``We turn to the people and call on them to demonstrate against effortsto make Greece a non-religious country,'' Archbishop Christodoulos said.``The faithful public oppose this attempt to push religion into themargins.''
Christodoulos said protest rallies will be held in Athens and thenorthern port of Thessaloniki later this month.
The decision, announced after a nine-hour meeting of the churchhierarchy, was the latest salvo in an important showdown between theSocialist government and clergymen and their supports.
Premier Costas Simitis says religion will be deleted from ID cards toconform with privacy protection laws. Earlier Tuesday, Simitis turnedChristodoulos' offer for talks to seek a compromise.
Government spokesman Dimitis Reppas said he was ``shocked andsurprised'' by the church's decision, but insisted there would be nochange in policy.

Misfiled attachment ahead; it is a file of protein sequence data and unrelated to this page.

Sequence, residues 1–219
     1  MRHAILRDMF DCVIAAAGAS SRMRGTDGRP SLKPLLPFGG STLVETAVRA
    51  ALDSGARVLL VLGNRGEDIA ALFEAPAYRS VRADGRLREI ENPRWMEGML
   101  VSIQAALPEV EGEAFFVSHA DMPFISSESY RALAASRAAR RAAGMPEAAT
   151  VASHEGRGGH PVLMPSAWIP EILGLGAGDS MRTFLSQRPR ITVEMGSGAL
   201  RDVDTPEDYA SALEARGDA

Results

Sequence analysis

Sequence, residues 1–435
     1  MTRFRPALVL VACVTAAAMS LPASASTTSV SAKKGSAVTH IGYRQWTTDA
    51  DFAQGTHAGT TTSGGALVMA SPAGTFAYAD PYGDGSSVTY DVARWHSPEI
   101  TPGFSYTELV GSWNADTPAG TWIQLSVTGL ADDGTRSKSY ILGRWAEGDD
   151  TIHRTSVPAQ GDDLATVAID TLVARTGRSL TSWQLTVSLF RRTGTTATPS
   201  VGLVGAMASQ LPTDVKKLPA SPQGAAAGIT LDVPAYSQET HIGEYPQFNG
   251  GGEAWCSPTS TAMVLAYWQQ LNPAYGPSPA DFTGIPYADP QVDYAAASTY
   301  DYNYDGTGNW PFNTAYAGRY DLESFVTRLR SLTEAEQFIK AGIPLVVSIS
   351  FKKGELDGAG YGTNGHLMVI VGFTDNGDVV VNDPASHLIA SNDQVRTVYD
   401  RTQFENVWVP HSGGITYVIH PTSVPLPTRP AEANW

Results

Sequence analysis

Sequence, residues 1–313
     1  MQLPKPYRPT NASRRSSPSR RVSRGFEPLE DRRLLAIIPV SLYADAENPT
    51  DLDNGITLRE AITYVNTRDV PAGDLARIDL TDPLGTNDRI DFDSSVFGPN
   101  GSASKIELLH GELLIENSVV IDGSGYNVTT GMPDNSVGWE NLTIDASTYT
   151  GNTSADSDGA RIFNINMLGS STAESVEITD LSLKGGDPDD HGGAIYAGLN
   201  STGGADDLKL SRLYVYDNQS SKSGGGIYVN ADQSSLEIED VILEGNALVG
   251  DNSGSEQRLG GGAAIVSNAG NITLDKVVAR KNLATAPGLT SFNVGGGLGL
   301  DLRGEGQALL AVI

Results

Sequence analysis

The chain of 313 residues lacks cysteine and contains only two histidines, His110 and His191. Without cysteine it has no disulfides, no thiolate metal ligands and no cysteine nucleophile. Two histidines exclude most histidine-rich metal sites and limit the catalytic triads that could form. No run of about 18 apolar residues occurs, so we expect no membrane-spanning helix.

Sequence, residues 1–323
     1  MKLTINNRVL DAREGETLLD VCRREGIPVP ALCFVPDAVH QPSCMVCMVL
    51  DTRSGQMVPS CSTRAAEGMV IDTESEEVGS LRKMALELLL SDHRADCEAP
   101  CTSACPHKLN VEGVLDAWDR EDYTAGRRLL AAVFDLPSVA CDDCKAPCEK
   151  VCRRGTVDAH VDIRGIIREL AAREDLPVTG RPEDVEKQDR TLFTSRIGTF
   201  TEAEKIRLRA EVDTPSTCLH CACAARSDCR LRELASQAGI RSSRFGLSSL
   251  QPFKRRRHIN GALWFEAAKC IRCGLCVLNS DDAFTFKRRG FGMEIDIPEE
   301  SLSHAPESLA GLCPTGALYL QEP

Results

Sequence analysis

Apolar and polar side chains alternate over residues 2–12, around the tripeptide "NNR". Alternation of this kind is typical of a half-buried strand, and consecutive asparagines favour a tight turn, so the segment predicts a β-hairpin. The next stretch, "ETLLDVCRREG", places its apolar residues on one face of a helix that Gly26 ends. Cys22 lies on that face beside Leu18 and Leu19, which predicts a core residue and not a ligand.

More than 90 percent of Greeks and baptized into the Orthodox Church,which represents Greece's official religion and wields considerableinfluence in public life.
Church supporters say keeping religion on ID cards is an importantsymbolic gesture that recognizes the role of the Orthodox church inpreserving Greek identity during years of foreign domination andoccupation.
But the government and leaders of non-Orthodox faiths in Greece say themeasure is outdated and breeds prejudice.
The church-sponsored rallies are planned for Thessaloniki on June 14 andin Athens on June 21.